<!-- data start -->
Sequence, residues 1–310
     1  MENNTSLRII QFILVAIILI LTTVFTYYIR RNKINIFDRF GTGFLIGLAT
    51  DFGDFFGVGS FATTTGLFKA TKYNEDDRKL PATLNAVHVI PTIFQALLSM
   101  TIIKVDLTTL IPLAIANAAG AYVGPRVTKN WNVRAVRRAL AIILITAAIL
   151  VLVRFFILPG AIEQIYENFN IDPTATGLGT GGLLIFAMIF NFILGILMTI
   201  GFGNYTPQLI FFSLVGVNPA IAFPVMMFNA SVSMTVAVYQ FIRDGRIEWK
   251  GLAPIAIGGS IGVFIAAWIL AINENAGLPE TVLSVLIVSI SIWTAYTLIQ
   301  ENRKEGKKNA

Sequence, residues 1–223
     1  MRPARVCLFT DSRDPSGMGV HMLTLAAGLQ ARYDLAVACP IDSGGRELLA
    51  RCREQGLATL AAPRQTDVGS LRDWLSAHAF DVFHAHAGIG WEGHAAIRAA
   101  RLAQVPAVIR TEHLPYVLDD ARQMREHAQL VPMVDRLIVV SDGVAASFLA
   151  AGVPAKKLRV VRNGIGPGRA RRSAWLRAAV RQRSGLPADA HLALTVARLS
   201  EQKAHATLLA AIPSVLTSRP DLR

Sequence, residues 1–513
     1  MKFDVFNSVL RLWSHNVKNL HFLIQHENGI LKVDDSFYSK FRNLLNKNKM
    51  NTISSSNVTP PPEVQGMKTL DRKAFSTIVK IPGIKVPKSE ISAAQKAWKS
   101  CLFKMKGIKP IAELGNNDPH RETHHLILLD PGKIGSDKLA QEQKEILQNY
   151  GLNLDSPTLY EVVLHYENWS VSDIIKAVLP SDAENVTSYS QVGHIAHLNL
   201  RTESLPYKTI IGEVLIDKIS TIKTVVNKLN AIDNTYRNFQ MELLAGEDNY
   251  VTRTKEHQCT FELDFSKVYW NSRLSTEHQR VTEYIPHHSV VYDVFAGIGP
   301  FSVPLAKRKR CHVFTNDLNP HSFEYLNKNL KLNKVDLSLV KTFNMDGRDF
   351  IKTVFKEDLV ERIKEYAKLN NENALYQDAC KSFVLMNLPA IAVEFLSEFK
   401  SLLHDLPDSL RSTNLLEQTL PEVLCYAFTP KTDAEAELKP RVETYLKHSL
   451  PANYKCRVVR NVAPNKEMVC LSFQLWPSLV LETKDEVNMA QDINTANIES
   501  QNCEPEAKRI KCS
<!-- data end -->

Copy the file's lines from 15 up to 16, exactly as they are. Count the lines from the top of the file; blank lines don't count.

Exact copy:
Sequence, residues 1–513
     1  MKFDVFNSVL RLWSHNVKNL HFLIQHENGI LKVDDSFYSK FRNLLNKNKM